Today, the Maoists say they follow the communist doctrines propounded by late Chinese Communist Party leader Mao Zedong. Asked to explain the political philosophy of the Maoist rebels, Gautam dutifully repeats: “Maoism is the third phase of the Marxism and it has extensively described communism.”

Sadly for the Maoists, the current Chinese leadership has stood fast alongside the monarchy, saying “the Nepalese Maoists are misusing Maoism.”

Deuba’s government, seeking desperately needed military and financial aid from the West, had cast the civil war in the rhetoric of the war against terrorism, a rhetoric other Nepalese politicians adopted with alacrity. But Padma Ratna Tuladhar, a noted human-rights activist and mediator of last year’s government-Maoist peace talks, scoffs at such characterizations. “They are not terrorists. They have been fighting for a cause. But the government has virtually failed to address their problems in a right way.” Gautam agrees: “Given Nepal’s history, if the Maoists hadn’t emerged, somebody else would have.”

From Popular Uprisings to Forced Marches

Appropriately, the Maoists’ power-base has been in the countryside, and particularly in areas the government has neglected but taxed. Most urban Nepalese also profess sympathy for the Maoist diktat, as is witnessed by their participation in the nationwide bandhs, or strikes, but many will also tell you they are afraid the Maoists will attack.

Even as disenchantment with the government grows in the cities, support for the Maoist rebels is ebbing in their traditional rural power-base, says Top Bahadur Khadka, who runs a human-rights organization in Rukum, a western district that has borne the brunt of some of the worst fighting. “The rebels are now losing popular support because of their own activities. They forcefully extort money and seize food from the locals’ houses,” he says. “Worse, they have recently begun forcing local youths to join as the number of willing recruits has dwindled.”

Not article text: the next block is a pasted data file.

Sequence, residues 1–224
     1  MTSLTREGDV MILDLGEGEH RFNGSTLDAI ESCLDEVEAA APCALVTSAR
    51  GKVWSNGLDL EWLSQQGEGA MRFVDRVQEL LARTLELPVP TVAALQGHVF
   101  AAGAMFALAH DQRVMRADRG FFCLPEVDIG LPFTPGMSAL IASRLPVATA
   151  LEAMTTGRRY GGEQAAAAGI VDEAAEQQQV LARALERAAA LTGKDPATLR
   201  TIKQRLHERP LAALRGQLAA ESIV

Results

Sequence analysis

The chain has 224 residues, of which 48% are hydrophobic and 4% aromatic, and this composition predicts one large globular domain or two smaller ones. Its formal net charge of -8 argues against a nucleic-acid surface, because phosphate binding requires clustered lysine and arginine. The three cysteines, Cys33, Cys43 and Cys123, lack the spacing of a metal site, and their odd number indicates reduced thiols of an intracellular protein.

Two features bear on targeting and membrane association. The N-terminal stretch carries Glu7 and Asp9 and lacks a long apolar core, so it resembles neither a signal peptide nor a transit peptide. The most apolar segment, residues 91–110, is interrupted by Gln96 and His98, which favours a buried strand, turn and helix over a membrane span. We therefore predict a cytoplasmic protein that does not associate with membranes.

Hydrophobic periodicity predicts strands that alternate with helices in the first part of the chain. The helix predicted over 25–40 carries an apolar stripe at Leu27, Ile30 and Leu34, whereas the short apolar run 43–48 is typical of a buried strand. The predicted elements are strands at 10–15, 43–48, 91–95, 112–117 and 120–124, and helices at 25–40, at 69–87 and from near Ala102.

Gautam says that in his days with the Maoists, there was no need to resort to crude force to find new members. In his day, “Recruiting villagers was an art,” he reminisces. “The youths were manipulated by promises of liberation or martyrdom.”

Nepalese are unsure what the future holds. Many believe the Maoists are still not serious about peace talks. Others, seeing the forced recruitments as a sign the rebels may be becoming increasingly desperate, think the rebels are seeking a soft landing. “This is the right time for the initiation of peace talks,” Surendra KC says. “Both the government and the Maoists are serious about it. The government is seriously considering the idea of a constituent assembly and the Maoists, too, are expressing interest in a political soft landing.”

Mukunda Dhakal, a human-rights activist, disagrees. “Maoists still don’t look serious, primarily because the cadres in the grassroots level don’t follow what their bosses say.” Two month’s ago, Prachanda ordered the rebels to stop attacking civilian targets. Only a day after Prachanda’s order, Maoist rebels attacked a civilian bus, killing at least three, and blew up a bridge in western Nepal. Even if he is serious about peace, Prachanda may already be finding that it is much easier to let the genie out of the bottle than to coax it back in.